• Information handling systems are becoming more and more important in both business and personal life. Important and critical information handling systems may be remote and/or unattended such as for example, but not limited to, servers and/or storage devices. Therefore, power failures/outages may be catastrophic to the operation of these servers and/or storage devices, leaving them unable to service user requests. For example, an iSCSI (Internet Small Computer System Interface) may be used to facilitate data transfers over intranets, e.g., local area networks (LANs) and/or to manage storage over long distances, e.g., wide area networks (WANs) and the Internet, thereby enabling location-independent data storage and retrieval.
  • The remote and/or unattended information handling systems that use, for example, iSCSI protocol would have no way of responding to a request if power was interrupted. Such a power interruption may leave iSCSI initiators and/or management applications with little information about the state of a target system except that it can no longer communicate with the initiator. Presently, information handling system servers and/or storage devices may use “flea power” to keep appropriate controllers and/or communications devices, e.g., network interface card (NIC), operational during hibernate or sleep modes, however, if there is a complete loss of utility (AC mains) power, even the flea power may no longer be available to power critical controllers and/or communications devices.
  • Power failures/outages may be catastrophic to information handling systems, e.g., servers and/or storage devices, especially when remote from the user's location and/or unattended, by rendering them unable to service any user requests and/or maintain data integrity. Information handling systems may use supplemental power sources, e.g., battery back-up systems, to provide temporary for the management and storage controllers under power failure conditions. The battery back-up systems may have limited life and add to the space required for the information handling system.
  • There may be a number of interface cards that during normal operation may be in critical stages when a power outage happens. Battery back-up systems may not be reliable and the batteries may malfunction or indicate false failure reports. Information handling system critical interfaces continue to increase their power requirements and may stretch battery back-up systems to their mechanical and electrical limits.
  • SUMMARY
  • Power over Ethernet (PoE) compliant controllers and/or communication devices do not lose their ability to operate and/or communicate with other PoE devices even if the information handling system looses AC mains power and/or power from an uninterruptible power supply (UPS). For example, a PoE powered device (PD) compliant with IEEE 802.3af, incorporated by reference herein for all purposes, e.g., network interface controller (NIC), may be particularly useful in applications such as an iSCSI storage system and/or a remote access controller (RAC).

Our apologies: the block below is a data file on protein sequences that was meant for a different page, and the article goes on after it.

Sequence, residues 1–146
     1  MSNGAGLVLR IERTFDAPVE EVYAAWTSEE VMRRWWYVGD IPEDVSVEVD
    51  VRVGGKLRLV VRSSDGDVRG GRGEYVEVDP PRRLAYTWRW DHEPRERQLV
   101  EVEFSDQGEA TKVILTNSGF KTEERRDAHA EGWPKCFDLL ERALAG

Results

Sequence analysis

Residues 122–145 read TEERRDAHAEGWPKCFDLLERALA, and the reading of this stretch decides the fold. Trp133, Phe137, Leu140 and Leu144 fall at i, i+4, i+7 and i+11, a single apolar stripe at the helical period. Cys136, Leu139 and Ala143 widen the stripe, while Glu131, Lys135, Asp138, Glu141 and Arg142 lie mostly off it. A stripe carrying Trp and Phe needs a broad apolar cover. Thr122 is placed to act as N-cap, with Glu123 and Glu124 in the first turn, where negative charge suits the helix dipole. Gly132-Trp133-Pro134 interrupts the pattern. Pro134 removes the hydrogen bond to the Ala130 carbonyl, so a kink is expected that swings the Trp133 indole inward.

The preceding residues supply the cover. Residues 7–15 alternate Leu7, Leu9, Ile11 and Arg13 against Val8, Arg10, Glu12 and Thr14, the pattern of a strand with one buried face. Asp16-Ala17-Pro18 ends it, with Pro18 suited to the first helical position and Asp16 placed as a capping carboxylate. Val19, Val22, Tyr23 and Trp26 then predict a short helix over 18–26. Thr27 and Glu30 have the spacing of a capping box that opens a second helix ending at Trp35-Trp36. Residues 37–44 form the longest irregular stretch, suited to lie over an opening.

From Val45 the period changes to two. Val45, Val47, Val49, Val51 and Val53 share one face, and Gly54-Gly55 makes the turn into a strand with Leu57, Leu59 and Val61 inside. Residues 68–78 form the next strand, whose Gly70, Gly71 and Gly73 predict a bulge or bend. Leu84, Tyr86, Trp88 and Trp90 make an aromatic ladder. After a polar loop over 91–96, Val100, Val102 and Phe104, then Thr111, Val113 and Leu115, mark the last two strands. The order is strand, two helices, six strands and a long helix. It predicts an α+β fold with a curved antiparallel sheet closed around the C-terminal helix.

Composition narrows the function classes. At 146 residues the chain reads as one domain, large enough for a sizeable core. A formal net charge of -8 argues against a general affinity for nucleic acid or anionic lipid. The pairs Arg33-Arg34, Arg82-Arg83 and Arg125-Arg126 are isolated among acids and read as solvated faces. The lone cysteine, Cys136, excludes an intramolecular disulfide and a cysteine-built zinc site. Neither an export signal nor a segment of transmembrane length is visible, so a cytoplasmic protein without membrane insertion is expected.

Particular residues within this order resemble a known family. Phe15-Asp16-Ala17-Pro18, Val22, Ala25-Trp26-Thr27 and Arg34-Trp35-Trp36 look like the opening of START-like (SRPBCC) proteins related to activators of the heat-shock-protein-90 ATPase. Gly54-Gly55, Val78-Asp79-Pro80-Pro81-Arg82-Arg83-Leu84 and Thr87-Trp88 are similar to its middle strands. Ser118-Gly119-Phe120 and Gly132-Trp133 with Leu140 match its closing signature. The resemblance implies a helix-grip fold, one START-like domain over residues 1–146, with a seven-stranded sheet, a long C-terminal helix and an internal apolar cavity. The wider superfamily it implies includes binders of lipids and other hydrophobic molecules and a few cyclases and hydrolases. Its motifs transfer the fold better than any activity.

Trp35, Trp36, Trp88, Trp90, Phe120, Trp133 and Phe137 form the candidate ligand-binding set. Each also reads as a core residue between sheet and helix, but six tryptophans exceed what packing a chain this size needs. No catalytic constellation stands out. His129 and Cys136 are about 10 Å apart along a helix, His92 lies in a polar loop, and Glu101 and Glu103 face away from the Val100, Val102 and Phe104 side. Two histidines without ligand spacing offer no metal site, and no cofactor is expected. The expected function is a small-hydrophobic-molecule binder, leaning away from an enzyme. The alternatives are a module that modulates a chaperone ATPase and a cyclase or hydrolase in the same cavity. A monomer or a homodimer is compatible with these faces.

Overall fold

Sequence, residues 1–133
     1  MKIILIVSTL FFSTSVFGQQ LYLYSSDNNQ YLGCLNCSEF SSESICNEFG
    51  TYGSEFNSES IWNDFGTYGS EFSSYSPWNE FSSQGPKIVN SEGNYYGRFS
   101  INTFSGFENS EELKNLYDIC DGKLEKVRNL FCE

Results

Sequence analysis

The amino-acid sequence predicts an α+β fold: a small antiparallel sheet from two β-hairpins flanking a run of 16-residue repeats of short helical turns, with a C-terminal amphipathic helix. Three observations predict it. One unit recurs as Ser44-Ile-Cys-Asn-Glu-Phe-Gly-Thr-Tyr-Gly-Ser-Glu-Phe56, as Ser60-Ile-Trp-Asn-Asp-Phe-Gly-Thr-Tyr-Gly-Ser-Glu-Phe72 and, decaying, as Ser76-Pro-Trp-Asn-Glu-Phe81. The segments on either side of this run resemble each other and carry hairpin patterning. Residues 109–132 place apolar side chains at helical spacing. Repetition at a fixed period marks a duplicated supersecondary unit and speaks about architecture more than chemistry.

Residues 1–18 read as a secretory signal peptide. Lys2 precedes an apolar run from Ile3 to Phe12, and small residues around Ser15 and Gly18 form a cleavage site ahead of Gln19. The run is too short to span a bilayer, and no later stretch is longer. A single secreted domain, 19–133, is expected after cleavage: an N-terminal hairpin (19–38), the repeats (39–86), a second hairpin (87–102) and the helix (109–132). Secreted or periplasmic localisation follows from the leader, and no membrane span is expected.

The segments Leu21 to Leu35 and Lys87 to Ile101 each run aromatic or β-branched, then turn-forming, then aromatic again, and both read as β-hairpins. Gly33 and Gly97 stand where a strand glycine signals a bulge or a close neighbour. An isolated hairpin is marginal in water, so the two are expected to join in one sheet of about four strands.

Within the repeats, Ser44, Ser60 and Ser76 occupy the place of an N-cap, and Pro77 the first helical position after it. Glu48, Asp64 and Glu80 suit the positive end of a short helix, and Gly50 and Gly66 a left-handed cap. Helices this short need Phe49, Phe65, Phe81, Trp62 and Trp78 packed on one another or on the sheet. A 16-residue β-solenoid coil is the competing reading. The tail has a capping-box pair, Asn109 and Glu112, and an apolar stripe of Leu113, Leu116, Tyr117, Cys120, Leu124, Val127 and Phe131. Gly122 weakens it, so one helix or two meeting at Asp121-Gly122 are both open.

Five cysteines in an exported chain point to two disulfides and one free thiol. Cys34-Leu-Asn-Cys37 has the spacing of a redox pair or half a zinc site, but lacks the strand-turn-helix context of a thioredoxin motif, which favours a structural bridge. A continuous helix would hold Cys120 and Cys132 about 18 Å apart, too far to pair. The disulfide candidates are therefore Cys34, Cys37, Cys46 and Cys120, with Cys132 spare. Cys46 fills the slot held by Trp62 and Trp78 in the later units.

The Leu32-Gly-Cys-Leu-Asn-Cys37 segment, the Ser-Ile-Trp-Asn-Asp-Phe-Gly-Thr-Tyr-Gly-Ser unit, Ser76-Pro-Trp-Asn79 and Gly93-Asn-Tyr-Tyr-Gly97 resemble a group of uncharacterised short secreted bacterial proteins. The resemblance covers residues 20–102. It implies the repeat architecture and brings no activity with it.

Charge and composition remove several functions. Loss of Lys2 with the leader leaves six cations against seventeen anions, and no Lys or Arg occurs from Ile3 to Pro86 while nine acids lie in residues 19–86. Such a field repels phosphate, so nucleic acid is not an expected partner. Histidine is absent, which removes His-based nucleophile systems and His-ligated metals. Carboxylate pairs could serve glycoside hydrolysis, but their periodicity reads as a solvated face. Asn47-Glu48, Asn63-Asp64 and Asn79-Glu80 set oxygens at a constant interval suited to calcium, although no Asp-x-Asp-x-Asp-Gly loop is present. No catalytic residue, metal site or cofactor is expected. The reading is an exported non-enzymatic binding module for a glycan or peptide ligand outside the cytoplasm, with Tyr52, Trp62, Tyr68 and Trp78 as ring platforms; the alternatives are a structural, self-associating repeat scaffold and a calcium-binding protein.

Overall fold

• For example, an iSCSI interface may stay alive even though power as been lost to its main information handling system. This stay alive ability of the PoE compliant iSCSI device may enable an iSCSI target to provide information (respond to an iSCSI initiator request) as to why it cannot fully respond to an initiator data access and/or storage request. This response capability may enable the requesting iSCSI initiator to perform a graceful disconnect instead of just assuming a lost connection/communication. Another example in a remote access controller compliant system is remote control of the system may still be possible even if a catastrophic AC power failure has occurred at the remote access controller compliant system. Thus, an administrator may still be able to remotely check on the remote access controller compliant system even with the AC power off.
  • In addition, out of band management may remain functional even if there has been AC power failure. The may allow management applications to report more specific information then just a lost connection/communication.
  • For a general server, a PoE compliant NIC and NIC driver in a remote server may be setup to detect whether or not the server system shutdown gracefully and respond as such to management applications such as HP OPENVIEW (a registered trademark of Hewlett-Packard Company) or IT Assistant. The PoE compliant NIC may also be able to send an alert (e.g., not a poll but rather an interrupt event) to the management application that may then be acted upon by the management application, e.g., page a system administrator.
  • Using PoE compliant interface devices in the information handling systems may go along way in solving the inherent problems with battery back-up. However, power management of the PoE compliant devices takes on added importance as more PoE compliant devices are deployed with the information handling systems, e.g., NICs on local area networks (LAN), because it becomes more important to have some intelligent power management and distribution system that may optimally utilize the supplemental power source (e.g., PoE). An intelligent power management and distribution system may be able to manage multiple PoE compliant powered devices from a PoE source. When needed, diverting power from one PoE compliant device to another may more effectively utilize the limited PoE source.